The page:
(meteorobs) call for observing report + newly updated Leonid circular
CALL FOR LEONID OBSERVATIONS !
We found it necessary to produce one more update of the IMO Leonid
Shower Circular. Reading it gives you a taste of what a proper global
data analysis may yield in terms of confirming features of existing
models and revealing new features which will allow meteor astronomers
to refine these models for the upcoming storm years!
Making such a global analysis will be the next endeavor of the IMO, as
the rough techniques used for rapid information dissemination have now
been stretched to their limits. A preliminary such analysis is planned
to go in the December issue of WGN and should therefore be completed
in less than 2 (!) weeks!
Therefore it is important the IMO Visual Commission receives the full
reports of observers as soon as possible! Send your observations to
Rainer Arlt at firstname.lastname@example.org or in any other way you are accustomed
to. When preparing your reports, mind the following two issues:
1) Report in narrow time intervals! It is in particular recommended -
to the extent possible - to report 1-minute intervals (or shorter!)
for the full hour between 1h30m and 2h30m UT. There are reasons to
suspect minor peaks in this interval besides the two reported on in
the Circular. These minor peaks will be smoothed out if you report
in wider intervals - with 5-minute intervals, they disappear! Only
if you report in narrower intervals will we be able to see which of
these minor peaks are real and which are merely statistical
fluctuations. Also for the remainder of the activity, report in
narrow intervals, the length of which must be chosen depending on
the number of meteors seen! Ideally, none of these interval should
contain more than 10 meteors!
2) It goes without saying that magnitude distributions - which were
not required in the "express reports" - must be included! Without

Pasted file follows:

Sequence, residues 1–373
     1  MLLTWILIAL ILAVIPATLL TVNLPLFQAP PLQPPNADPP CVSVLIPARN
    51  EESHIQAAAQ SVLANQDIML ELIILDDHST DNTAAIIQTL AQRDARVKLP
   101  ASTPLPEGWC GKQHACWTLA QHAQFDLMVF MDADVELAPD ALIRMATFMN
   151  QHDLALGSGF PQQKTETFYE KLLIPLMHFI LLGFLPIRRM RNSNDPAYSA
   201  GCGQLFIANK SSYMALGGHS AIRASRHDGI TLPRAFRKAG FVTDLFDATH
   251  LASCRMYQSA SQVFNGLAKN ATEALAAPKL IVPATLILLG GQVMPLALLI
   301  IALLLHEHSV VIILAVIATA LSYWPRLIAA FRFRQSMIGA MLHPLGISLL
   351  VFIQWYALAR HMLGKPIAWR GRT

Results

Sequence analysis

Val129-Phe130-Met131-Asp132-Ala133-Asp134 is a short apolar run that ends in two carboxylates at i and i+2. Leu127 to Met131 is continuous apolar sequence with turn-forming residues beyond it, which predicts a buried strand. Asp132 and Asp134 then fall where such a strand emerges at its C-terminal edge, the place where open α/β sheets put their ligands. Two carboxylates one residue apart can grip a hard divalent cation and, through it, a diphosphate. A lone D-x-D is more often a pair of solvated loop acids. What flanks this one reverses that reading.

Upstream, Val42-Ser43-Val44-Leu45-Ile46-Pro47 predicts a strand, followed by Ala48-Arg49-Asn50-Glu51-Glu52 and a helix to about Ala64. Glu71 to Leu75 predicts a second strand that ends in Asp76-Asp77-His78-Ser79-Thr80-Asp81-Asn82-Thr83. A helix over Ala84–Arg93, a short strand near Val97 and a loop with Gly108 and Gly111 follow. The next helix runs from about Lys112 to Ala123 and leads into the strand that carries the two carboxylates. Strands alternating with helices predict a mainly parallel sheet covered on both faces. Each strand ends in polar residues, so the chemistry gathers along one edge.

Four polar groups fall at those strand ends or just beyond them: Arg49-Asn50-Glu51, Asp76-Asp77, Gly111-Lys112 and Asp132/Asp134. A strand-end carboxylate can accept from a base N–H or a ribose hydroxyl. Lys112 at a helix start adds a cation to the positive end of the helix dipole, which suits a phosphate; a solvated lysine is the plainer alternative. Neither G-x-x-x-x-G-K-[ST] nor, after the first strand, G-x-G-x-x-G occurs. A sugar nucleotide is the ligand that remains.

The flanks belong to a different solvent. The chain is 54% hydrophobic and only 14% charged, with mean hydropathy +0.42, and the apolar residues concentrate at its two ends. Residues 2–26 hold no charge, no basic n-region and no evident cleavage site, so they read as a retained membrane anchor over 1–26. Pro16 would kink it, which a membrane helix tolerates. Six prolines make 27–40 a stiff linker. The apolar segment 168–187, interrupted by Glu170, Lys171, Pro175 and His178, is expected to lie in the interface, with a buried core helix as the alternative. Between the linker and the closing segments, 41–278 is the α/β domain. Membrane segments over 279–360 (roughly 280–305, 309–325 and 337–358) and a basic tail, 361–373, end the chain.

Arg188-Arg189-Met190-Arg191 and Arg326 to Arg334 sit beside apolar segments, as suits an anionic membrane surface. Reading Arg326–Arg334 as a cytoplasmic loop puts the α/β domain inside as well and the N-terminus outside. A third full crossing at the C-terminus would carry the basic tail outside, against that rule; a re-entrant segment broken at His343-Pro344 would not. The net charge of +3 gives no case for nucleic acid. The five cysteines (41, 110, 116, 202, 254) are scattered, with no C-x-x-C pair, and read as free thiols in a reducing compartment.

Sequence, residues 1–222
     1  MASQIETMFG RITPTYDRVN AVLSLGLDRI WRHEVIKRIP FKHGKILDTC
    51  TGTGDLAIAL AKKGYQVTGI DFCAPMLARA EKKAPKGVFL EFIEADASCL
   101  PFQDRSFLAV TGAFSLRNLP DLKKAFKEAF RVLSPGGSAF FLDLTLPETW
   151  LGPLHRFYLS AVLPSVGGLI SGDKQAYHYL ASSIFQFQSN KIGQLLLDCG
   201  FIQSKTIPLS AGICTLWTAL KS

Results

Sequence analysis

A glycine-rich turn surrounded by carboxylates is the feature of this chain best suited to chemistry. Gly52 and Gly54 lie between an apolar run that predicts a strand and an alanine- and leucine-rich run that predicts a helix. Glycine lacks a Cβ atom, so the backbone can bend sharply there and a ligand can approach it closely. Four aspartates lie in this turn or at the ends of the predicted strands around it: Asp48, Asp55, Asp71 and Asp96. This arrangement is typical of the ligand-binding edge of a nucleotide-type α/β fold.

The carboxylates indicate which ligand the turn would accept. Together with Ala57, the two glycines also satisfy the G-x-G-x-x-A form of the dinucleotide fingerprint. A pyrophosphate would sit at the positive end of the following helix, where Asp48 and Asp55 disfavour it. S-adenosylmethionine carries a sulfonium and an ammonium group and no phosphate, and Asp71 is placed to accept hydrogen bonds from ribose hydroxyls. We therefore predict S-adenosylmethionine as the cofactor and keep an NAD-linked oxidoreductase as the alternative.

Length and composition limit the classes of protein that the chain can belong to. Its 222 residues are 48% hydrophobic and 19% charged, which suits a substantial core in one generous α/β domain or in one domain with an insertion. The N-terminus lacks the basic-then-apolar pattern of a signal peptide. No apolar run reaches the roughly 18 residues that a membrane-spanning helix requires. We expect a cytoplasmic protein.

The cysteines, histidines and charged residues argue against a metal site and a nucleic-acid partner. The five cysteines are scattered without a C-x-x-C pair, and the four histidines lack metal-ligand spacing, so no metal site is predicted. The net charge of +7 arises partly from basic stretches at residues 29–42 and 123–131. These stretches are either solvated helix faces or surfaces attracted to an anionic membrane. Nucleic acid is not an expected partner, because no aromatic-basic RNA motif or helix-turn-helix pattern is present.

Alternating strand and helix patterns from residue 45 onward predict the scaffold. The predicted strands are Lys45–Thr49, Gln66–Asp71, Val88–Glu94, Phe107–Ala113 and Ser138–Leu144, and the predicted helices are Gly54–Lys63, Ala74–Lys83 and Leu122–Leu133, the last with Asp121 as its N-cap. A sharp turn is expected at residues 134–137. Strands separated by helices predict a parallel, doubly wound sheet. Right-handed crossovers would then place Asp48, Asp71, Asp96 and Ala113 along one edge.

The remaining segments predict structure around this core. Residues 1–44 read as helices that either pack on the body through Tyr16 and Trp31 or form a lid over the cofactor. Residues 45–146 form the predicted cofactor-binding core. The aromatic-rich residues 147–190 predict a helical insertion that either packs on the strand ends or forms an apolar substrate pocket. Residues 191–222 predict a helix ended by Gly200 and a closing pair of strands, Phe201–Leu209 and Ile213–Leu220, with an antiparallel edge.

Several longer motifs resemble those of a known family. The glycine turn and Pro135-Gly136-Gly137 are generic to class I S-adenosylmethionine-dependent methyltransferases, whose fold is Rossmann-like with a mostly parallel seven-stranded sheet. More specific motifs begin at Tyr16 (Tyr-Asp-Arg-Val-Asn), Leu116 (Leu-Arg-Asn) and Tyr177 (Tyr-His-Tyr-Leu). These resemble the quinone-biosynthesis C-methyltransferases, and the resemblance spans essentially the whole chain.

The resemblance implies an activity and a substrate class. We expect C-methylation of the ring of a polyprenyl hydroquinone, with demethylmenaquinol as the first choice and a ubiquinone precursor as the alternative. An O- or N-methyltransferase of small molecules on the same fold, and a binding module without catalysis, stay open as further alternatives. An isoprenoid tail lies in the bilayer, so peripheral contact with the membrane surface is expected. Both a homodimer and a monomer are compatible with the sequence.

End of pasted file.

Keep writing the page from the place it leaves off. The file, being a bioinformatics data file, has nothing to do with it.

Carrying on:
these magnitude distributions, it is not possible to compute the
population index - a measure for the ratio between fainter and
brighter meteors - and its variation throughout the Leonid
activity. This information is vital to compute a correct ZHR
3) Mention the center of your field of view! Also notice that the
cloud/obstruction correction factor refers to the field of view
ONLY! Clouds outside the field of view must NOT be accounted for!
Many of the above recommendations can also be found in Rainer Arlt's
article "Hints for Visual 1999 Leonid Observations" which was sent
out via the IMO News and MeteorObs mailing lists and which is printed
in the October issue of WGN.
We already thank those observers who have not awaited this message to
send in their complete data; the others we thank in advance for their
UPDATED SHOWER CIRCULAR
We added some data at the beginning and the end of last circular's
activity profile. It is interesting to see that the 1h53m UT secondary
peak may correspond to the 1-revolution old dust trail (although Asher
and McNaught did not expect activity from this trail, they quote
exactly this time as nodal crossing time for the 1-revolution old
trail). Also, there is evidence for enhanced activity on November 18
between 15h and 20h UT (in the order of magnitude of 100+), which in
turn corresponds to a prediction by Emel'yanenko based on an older